Possession with the intent to distribute (PWID) carries stricter penalties than simple possession of drugs. If you’re caught with what the police believe to be a large amount of drugs and/or you are caught with drugs and paraphernalia that may make it appear as though you were engaged in the sale and distribution of drugs, then you can be charged with PWID. Even if you had a large amount of drugs that was only for personal use, you can still be charged with PWID.
Something to keep in mind for PWID is that it’s not necessarily possession with intent to sell. Many people think they can only be found guilty of possession with intent to distribute if they were either caught in the act of selling or were planning on selling the drugs. That is not true. You can be found guilty of possession with intent to distribute for way less than selling drugs. The statute, among other things, says that someone violates this law if they “distribute, dispense, transport with intent to distribute or dispense, possess with intent to manufacture, distribute, or dispense, a controlled dangerous substance or to solicit the use of or use the services of a person less than eighteen (18) years of age to cultivate, distribute or dispense a controlled dangerous substance . . . .” The word “sell” is not found anywhere in the statute.
The threshold for something to constitute “intent to distribute” is actually quite low. For example, let’s say you are smoking marijuana with a group of people and you all are passing around a joint. If you have that joint in your hands and intend to pass it to another person after you take a hit, then you can be found guilty of PWID because you intended to give it to another person. And note that you don’t even have to give it to someone. You just have to intend to give it to someone.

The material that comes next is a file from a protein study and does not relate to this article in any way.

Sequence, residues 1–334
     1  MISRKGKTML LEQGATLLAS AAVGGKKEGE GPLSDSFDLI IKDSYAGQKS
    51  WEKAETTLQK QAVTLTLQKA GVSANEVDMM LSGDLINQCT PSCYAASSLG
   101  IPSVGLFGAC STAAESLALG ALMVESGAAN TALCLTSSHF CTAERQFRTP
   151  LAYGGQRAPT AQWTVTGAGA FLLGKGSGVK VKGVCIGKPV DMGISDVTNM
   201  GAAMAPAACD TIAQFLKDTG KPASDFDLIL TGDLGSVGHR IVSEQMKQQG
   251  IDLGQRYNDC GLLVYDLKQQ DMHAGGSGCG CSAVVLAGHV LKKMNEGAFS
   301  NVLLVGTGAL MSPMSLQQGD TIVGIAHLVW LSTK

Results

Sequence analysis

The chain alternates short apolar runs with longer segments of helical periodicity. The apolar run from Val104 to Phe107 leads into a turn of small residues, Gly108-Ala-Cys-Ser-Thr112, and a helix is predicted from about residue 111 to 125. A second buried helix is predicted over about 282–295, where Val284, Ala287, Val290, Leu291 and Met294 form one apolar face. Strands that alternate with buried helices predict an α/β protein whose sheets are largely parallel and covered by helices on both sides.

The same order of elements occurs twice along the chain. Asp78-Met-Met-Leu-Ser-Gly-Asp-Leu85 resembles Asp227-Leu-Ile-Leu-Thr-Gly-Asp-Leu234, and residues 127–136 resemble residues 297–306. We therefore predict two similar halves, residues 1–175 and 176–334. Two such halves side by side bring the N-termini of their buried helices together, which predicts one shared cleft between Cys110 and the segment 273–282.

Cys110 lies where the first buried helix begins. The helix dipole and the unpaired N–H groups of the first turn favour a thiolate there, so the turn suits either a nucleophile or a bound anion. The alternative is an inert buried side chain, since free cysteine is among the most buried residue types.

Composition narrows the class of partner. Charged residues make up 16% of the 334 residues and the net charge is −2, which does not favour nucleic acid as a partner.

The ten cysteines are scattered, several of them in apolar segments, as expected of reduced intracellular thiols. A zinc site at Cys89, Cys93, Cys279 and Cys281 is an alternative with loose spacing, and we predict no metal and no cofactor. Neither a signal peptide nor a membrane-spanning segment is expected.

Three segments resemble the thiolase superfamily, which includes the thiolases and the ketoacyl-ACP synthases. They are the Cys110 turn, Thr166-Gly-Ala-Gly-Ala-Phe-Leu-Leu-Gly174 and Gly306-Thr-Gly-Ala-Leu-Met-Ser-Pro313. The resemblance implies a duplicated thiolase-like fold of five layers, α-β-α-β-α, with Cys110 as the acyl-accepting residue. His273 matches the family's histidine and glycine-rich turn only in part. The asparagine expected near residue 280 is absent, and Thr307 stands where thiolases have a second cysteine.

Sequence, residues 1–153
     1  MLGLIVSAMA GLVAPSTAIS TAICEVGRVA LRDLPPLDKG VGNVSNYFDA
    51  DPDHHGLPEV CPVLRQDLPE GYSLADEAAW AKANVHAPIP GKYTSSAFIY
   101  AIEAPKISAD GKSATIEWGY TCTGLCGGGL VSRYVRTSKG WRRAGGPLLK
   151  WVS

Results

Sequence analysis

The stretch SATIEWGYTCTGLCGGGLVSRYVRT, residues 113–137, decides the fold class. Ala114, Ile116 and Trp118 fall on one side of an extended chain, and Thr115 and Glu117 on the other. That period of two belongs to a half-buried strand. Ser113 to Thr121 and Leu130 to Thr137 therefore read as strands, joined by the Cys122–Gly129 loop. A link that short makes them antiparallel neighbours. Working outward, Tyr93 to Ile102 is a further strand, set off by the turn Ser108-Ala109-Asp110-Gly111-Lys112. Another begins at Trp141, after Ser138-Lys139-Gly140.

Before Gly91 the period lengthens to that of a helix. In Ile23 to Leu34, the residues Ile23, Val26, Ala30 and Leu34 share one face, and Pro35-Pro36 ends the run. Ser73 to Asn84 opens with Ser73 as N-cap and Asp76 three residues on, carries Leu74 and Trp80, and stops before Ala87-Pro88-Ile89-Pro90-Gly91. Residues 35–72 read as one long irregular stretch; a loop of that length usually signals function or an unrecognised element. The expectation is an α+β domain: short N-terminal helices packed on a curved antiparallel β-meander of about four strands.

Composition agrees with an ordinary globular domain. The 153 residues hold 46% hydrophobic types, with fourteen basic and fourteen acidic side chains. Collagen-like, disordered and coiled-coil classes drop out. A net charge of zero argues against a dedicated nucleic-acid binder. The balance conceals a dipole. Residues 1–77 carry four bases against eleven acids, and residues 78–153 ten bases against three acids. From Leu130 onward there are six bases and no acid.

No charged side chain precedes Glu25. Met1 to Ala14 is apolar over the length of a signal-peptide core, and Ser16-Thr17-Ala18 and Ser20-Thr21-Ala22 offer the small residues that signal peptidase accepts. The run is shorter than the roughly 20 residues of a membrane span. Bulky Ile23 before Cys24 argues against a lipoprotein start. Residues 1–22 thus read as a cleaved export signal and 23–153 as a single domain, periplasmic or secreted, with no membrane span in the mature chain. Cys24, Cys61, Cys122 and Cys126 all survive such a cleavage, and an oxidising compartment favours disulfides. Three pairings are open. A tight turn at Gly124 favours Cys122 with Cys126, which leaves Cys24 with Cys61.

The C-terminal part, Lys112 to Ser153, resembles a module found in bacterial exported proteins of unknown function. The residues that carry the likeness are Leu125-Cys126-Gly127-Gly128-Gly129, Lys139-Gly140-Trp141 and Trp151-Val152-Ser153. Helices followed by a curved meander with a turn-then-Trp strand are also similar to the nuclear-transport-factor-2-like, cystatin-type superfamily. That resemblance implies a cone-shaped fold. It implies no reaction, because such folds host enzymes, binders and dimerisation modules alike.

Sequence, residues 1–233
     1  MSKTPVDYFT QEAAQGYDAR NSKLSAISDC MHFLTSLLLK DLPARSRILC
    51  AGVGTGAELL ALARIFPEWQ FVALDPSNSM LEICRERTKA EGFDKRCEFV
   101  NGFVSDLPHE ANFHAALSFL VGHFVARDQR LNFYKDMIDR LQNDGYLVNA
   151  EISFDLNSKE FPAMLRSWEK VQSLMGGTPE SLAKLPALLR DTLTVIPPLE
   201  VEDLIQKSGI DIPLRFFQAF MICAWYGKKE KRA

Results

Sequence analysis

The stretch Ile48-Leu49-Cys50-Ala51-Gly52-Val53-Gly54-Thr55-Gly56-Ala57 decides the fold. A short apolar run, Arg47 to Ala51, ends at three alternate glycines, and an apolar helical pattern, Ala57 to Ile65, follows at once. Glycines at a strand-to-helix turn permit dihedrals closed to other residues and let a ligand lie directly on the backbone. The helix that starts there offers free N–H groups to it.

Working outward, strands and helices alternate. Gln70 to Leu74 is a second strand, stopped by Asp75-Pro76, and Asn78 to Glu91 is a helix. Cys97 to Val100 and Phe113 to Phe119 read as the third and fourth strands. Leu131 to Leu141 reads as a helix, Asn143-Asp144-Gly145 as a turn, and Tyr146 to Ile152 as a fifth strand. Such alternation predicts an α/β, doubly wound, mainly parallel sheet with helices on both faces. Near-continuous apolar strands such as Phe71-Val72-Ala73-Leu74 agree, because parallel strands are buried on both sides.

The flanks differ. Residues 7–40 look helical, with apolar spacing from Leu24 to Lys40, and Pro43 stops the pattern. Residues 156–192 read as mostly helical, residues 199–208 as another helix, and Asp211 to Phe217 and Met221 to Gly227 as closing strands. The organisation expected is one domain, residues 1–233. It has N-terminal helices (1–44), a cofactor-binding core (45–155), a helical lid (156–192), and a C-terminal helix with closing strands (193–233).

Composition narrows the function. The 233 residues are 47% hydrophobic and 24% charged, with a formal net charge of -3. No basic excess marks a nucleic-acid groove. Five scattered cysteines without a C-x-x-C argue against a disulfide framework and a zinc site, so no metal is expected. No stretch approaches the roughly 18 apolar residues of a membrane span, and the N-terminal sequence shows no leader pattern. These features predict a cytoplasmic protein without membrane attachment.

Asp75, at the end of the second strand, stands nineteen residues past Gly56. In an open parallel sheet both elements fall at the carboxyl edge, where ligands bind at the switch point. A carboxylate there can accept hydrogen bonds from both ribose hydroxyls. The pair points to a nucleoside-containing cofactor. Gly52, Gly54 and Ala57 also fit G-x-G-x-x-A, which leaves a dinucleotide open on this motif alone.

Take another example where you are stopped by law enforcement on the road. They find drugs and question you about them. You casually say that you were merely bringing them over to a friend’s house because he left them at your house the previous night. Well, you likely just talked yourself into a felony PWID charge. It doesn’t matter that no money is to be exchanged or that you’d test clean for drugs. All that matters is that you intended to give those drugs to someone else.
Penalties For PWID In Oklahoma
The statute that covers PWID in Oklahoma is 63 OS § 2 401. Every charge of PWID is a felony. If it’s a Schedule I or II drug that’s narcotic a drug, LSD, GHB and several others, then you can be imprisoned for five years to life and fined up to $100,000. If it’s any other drug that is a Schedule I, II, III or IV drug, then you can be imprisoned for two years to life and fined up to $20,000. If it’s a Schedule V drug, then you can be imprisoned for up to five years and a fined up to $1,000.
What Happens When Someone Is Charged With PWID In Oklahoma After Having Been Convicted Of PWID?
Any person convicted more than once for PWID will be considered a habitual offender and sentenced under 21 OS § 51.1.
For more information on Possession With Intent To Distribute, a free initial consultation is your next best step. Get the information and legal answers you are seeking by calling (405) 633-3420 today.